Tuesday, July 19, 2011

ETNEIN WE KHAMSEIN

The morning I arrived in Cairo, I was already making my round at the duty free shop at the airport using my passport to buy 4 bottles of alcohol as a favour for my friend, Peter and his mates. Then I was randomly hanging out with them on a chilly rooftop in the city’s wealthiest neighbourhood until dawn, listening to reggae tunes, in between humming to Fly Me To The Moon, and weaving in and out of Dreamland, my eyes wide open.

 

Dawn in Cairo

The sun is up at 4.30 in the morning in Cairo.

 

By the time Hassan finally arrived to pick us up, I hadn’t slept for 24 hours.

 

Just coming out of Nairobi’s winter, perhaps I wasn’t quite ready for Cairo’s searing heat, even if I lived in Malaysia my whole life.

 

I totally wasn’t ready for the Egyptian diet.

 

In Kenya, it’s all about the meat (accompanied by ugali, chapati, mukimo or githeri). In Egypt, rule No. 1: Dinner is ‘breakfast’ – ‘Breakfast’, at 7 p.m. (because that’s when you’re just waking up), consists of aish (bread), ful (fava bean paste) – nicknamed ‘cement’ for good reasons, cheese dip and falafel. I didn’t dare ask what would await us for dinner. Then I was told that aish and ful are also common for dinner, but they’re just part of a bigger meal. Right.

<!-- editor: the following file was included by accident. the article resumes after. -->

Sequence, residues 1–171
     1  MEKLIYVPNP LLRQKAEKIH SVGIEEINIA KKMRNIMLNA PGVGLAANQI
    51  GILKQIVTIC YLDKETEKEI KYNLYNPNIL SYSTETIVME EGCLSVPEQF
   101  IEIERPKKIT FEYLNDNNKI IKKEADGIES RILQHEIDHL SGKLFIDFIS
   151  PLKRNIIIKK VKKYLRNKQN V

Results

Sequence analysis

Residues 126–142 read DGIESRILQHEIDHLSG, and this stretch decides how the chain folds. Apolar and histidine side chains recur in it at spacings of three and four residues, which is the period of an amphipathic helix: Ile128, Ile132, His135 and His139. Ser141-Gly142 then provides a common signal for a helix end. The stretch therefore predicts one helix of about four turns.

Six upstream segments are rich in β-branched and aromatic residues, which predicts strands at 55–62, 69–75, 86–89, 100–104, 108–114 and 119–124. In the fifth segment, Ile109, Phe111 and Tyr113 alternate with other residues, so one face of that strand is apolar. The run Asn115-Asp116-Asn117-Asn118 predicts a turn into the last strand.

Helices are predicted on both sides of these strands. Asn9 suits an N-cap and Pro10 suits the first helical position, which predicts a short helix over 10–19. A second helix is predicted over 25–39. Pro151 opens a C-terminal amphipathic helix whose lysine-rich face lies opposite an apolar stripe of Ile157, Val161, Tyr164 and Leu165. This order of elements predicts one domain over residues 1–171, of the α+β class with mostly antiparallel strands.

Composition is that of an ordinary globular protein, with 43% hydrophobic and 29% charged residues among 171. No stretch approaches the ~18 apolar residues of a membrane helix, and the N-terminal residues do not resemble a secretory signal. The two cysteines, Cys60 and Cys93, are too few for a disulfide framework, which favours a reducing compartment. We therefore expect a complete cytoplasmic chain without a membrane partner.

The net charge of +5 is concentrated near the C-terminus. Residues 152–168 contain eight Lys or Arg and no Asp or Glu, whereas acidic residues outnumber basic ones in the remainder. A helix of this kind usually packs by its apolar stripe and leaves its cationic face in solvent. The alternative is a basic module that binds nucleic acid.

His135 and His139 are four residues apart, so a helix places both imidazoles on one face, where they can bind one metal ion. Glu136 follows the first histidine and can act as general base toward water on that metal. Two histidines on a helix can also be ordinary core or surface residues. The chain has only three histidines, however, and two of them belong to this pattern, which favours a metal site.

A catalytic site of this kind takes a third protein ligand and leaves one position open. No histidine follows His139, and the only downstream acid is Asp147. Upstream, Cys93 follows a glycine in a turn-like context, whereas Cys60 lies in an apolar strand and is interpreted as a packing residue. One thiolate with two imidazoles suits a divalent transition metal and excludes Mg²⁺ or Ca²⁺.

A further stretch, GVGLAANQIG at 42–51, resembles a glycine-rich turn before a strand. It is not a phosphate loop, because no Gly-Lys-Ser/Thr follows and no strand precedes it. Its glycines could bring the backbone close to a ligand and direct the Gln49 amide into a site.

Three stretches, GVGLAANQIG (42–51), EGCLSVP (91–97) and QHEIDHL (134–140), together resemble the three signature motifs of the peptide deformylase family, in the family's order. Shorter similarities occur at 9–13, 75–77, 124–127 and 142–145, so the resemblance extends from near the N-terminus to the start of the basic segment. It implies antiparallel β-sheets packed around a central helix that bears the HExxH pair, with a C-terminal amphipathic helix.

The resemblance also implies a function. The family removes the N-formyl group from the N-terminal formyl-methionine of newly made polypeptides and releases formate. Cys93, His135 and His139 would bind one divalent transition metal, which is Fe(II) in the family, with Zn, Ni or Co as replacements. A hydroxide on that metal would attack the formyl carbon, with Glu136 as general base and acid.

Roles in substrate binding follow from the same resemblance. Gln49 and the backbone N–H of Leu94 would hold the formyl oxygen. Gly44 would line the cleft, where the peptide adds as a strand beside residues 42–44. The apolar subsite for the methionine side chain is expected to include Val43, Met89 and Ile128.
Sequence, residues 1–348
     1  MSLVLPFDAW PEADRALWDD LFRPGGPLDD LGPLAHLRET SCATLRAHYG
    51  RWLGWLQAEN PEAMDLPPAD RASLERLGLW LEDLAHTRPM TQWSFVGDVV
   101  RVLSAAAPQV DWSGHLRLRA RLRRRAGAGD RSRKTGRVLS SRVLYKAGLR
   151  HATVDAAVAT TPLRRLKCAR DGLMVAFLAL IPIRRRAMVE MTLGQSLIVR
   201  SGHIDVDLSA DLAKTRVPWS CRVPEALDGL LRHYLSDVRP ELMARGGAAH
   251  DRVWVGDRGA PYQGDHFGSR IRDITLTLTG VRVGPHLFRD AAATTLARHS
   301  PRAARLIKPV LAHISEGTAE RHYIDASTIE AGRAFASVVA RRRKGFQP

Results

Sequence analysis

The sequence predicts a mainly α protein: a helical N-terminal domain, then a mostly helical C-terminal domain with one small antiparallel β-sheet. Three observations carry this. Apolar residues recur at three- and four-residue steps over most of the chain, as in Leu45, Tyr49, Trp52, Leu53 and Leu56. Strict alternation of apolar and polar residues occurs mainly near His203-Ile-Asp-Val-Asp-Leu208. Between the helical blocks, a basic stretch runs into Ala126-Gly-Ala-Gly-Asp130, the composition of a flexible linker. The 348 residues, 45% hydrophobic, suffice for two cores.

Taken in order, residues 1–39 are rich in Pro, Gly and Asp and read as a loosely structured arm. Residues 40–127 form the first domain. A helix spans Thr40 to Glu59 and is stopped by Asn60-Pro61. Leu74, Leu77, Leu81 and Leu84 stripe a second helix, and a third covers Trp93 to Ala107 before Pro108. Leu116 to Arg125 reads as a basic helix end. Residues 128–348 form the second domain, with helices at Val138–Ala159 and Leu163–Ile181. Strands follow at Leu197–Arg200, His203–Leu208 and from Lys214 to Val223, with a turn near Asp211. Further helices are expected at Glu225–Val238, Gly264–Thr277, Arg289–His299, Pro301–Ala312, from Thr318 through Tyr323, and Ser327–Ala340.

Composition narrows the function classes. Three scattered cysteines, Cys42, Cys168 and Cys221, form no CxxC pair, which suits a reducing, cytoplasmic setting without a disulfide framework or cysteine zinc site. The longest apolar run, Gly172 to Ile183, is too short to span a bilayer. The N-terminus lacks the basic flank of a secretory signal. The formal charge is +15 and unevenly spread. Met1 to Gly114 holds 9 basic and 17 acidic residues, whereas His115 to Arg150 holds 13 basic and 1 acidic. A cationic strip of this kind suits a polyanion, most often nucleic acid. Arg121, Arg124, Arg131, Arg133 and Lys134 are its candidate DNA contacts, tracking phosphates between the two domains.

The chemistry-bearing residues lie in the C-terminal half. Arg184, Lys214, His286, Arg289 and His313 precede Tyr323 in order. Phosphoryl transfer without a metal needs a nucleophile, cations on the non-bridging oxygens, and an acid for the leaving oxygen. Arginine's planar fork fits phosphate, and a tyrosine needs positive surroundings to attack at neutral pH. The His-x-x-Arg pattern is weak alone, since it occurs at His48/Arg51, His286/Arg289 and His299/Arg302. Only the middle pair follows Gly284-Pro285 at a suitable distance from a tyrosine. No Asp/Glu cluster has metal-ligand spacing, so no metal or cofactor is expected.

Other than that, the weekend has been quite a blur, I was in bed most of it, trying to recover from the long journey and adjusting myself to the heartbeat of Cairo city; at all times being muffled by the sounds of the honking and shouting on the streets. Sitting on the balcony watching Cairo alive amidst a dull dusty tangerine-tinged of a backdrop, my heart felt heavy as I realized I was nearing the end of my journey, and yet, I was looking forward to being home again. Days when I don’t have to worry about comparing flight costs, cramped buses, lugging my gear around, constant new names I try so hard to remember, random diets, navigating ways in new locations and making sure my bag is never missing the toilet paper.

 

The simple fact is, my African days are numbered.

 

So if you’ll excuse me, I have a date with Mr. Sphinx.

 

Hassan's kitchen. Hassan put us up the first few days we were in Cairo.

Looking out the kitchen window.

1 comment:

Shaista said...

Missing you, missing your posts :(
but hope you're enjoying major reunions with Malaysian cuisine!!

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